I am interested in the legislation for an entirely different reason. As a teacher of medicine and a visitant in the wards of great hospitals, I am also interested in the legislation because I have learned in a long experience to recognize the tremendous hazards that are intrinsic in the use of any drugs. In a study that I conducted and published in the Journal of the American Medical Association in December 1955, it appeared that toxic reactions from the use of approved dmgs employed ethically and conscientiously by capable physicians were encountered in about 5 percent of a ward population. During the period of study, physician-caused or iatrogenic disease in the ag. gregate was the commonest diagnosis in the ward population.

Senator KEFAUVER. Dr. Barr, do you mind being interrupted at this point!

Dr. Barr. Certainly not, sir.

Senator KEFAUVER. I have heard something about the article that you referred to in the J.A.M.A. of December 10, 1955.

Dr. BARR. That is correct.

Senator KEFAUVER. I think it might be useful to the committee, and if there is no objection, we will place it in the record as exhibit 38.

(Exhibit 38 may be found on p. 815.)

Senator KEFAUVER. Will you explain, also, at this point what you mean by iatrogenic disease?

Dr. Barr. The most conscientious physician using drugs under the best known conditions may cause toxic reactions, sometimes very serious, and occasionally fatal. This sort of disease is called iatrogenic disease, coming from the Greek word, “physician caused.” This is inevitable in the use of preparations which are completely necessary to be used in diagnosis and treatment, and no drug which is active is entirely free from these possible harmful effects.

The risk of each drug, the use of each drug, may not be great, but the risk of the use of many drugs may be quite great, and what I have said is that in a ward population of a great hospital under the best conditions, the aggregate of toxic reactions, iatrogenci disease may actually be the commonest single diagnosis in the ward.


That means that at any particular time there may be more people suffering from iatrogenic disease than from any other one single disease in the ward.

Senator HRUSKA. Doctor, is there any control on this analysis and study? Is there any way of knowing how many of these might not be there at all or might be even more in a more serious position and situation had it not been for those drugs and the use thereof?

Dr. BARR. The Senator's point is well taken. Those who had toxic reactions might have been dead if the drugs had not been used, and these drugs were used presumably of necessity and to control serious situations.

Senator HRUSKA. So that while there is risk in using them, there is also some benefit, is there not?

Dr. BARR. The benefit is enormous, the risk is relatively small. But, nevertheless, the point I am making is that the risk is there from the use of any drug which has any activity at all.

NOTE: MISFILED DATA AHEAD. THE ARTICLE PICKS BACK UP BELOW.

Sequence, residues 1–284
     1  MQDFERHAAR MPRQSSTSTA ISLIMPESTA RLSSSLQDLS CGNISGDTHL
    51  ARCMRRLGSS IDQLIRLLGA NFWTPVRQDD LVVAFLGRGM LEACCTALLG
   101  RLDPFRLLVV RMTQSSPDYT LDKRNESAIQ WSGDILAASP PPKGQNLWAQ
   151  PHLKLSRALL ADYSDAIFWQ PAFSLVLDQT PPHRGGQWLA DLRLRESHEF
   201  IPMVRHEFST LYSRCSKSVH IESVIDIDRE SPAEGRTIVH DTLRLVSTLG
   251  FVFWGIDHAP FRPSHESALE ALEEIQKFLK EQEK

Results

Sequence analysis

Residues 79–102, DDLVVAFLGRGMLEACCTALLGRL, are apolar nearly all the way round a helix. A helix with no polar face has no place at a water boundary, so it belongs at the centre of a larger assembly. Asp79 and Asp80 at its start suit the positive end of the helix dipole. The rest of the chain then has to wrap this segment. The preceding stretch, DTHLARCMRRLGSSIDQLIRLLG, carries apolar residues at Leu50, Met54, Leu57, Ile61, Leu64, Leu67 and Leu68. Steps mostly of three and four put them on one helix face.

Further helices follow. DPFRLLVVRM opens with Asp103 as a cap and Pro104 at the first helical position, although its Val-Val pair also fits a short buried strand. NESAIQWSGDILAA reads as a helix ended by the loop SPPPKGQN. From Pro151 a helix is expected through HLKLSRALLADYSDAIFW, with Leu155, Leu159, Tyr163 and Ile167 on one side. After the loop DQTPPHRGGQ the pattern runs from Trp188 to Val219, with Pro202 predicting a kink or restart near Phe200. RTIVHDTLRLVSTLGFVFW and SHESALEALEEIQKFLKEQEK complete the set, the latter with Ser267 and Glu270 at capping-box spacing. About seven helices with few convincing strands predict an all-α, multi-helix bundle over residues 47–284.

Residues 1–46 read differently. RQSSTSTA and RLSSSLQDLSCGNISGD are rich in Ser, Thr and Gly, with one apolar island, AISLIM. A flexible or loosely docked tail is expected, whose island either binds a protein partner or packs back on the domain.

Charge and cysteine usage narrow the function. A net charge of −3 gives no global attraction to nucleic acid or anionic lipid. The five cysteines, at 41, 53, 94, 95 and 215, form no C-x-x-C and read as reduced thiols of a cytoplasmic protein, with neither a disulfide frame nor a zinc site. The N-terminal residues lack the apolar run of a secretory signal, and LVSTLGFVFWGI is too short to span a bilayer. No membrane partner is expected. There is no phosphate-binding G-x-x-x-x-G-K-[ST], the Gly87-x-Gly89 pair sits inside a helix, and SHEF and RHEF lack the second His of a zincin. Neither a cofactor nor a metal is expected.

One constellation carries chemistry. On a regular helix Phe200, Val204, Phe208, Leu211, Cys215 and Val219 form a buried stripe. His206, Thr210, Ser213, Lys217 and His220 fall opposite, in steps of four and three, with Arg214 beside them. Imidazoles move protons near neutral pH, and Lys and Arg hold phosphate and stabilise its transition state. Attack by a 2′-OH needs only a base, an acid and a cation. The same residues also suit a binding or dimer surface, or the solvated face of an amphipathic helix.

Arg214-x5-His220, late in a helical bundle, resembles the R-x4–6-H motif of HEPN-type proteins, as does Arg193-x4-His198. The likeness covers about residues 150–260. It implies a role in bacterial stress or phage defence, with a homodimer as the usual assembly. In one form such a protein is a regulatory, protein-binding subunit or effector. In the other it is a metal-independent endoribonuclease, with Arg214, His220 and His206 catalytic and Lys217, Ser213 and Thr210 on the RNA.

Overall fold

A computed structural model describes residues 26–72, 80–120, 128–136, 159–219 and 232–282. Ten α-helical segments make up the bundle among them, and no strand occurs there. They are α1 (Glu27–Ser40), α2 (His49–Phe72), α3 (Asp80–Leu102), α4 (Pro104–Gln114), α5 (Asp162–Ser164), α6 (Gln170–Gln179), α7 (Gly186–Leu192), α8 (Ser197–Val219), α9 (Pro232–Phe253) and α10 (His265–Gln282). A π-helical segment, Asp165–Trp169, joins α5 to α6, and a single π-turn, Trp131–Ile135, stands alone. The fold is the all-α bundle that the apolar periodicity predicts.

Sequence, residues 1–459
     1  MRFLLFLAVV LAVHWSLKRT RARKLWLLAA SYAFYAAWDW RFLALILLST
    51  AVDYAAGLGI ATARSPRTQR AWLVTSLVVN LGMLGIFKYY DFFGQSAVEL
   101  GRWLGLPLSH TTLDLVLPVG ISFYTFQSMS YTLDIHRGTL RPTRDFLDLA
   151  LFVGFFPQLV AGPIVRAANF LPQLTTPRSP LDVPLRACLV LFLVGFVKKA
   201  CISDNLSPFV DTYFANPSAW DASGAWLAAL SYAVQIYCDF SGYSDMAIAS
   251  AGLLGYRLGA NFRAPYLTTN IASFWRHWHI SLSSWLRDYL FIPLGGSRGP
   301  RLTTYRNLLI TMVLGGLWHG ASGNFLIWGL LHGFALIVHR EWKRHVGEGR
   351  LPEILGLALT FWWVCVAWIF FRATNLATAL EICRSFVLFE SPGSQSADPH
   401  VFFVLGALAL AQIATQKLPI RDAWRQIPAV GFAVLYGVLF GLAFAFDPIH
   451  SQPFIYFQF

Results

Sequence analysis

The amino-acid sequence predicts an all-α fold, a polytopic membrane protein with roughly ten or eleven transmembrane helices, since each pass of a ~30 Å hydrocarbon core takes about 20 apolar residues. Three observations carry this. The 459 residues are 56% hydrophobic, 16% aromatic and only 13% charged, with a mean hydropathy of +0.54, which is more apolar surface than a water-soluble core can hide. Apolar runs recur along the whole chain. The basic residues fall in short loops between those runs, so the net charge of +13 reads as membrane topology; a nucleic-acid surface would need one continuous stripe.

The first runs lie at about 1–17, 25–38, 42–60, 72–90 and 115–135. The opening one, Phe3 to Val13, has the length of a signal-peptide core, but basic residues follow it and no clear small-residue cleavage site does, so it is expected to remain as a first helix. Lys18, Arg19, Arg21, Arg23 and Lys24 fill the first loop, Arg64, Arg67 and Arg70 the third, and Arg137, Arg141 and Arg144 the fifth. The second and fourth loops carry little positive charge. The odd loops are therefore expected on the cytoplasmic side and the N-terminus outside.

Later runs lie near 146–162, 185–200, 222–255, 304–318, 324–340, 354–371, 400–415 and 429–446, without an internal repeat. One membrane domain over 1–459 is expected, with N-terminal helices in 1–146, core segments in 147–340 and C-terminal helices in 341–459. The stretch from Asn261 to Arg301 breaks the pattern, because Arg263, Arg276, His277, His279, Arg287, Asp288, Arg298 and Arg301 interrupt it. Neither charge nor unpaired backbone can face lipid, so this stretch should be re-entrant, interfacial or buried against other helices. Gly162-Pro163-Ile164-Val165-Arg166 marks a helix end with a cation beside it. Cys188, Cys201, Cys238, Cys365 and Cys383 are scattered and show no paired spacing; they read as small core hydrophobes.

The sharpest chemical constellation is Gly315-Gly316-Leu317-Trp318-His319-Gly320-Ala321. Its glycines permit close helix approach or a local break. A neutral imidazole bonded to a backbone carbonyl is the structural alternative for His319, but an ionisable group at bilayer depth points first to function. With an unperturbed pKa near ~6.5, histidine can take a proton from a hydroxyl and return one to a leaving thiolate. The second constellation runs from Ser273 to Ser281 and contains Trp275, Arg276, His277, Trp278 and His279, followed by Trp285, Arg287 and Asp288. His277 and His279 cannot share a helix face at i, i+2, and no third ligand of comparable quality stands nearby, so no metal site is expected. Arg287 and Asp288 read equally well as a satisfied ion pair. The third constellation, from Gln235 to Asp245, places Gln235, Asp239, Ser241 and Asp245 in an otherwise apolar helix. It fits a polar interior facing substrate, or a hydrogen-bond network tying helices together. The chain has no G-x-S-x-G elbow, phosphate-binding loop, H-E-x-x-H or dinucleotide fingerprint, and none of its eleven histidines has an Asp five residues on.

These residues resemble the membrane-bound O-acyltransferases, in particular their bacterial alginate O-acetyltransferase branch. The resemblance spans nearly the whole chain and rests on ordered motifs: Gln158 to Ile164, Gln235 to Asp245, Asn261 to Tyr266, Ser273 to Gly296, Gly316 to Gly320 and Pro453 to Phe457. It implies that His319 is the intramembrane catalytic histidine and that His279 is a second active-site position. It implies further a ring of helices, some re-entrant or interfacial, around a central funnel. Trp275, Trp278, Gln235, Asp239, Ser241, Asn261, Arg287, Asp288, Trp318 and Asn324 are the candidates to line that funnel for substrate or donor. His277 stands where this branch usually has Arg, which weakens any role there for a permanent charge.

Senator HRUSKA. Is there any law we can pass to eliminate this 5 percent of the ward population where approved drugs employed ethically and conscientiously result in toxic reaction?

Dr. BARR. I don't think you can do anything about the risk that is incurred from the use of necessary drugs.

Senator HRUSKA. That depends on the doctor, doesn't it, Doctor? Dr. BARR. Yes, that is correct.

Senator HRUSKA. When a doctor operates, for example, he always takes a chance?

Dr. Barr. That is right.
Senator HRUSKA. It might not prove out so well.

Dr. Barr. That is right. The way in which the law might help is to prevent the addition of drugs which are unnecessary.

Senator HRUSKA. Do you know of any drugs on the market that are useless, Doctor?

Dr. BARR. Many have been introduced.
Senator Hruska. Can you name some for use?
Dr. BARR. No, I am not prepared to do so at the moment.

Senator HRUSKA. Would those that you might name be totally useless? Would there be no case in which they could be used ?

Dr. BARR. My unwillingness to name them is because I can't answer your question categorecally. I mean I can't say that any one drug that is on the market could not be used in any situation.

Senator HRUSKA. Thank you.

Dr. BARR. But relative uselessness is common among the druge that are on the market at present, and I repeat that each one of those relatively useless drugs may have toxic reactions.

Senator HRUSKA. What does "relatively useless" mean?

If I have a child in the hospital and that drug happens to help that child and it probably won't help 10 other children in the ward, I wouldn't think that is relatively useless, would you?

Dr. BARR. Expressed in that way, I agree with you.

But I think that the proof that it helps is not available in many instances.

Senator HRTSKA. How can it be obtained?

Dr. Barr. It can be obtained only by experience, and the exposure has to be large in order to prove the utility of a drug

« PreviousContinue »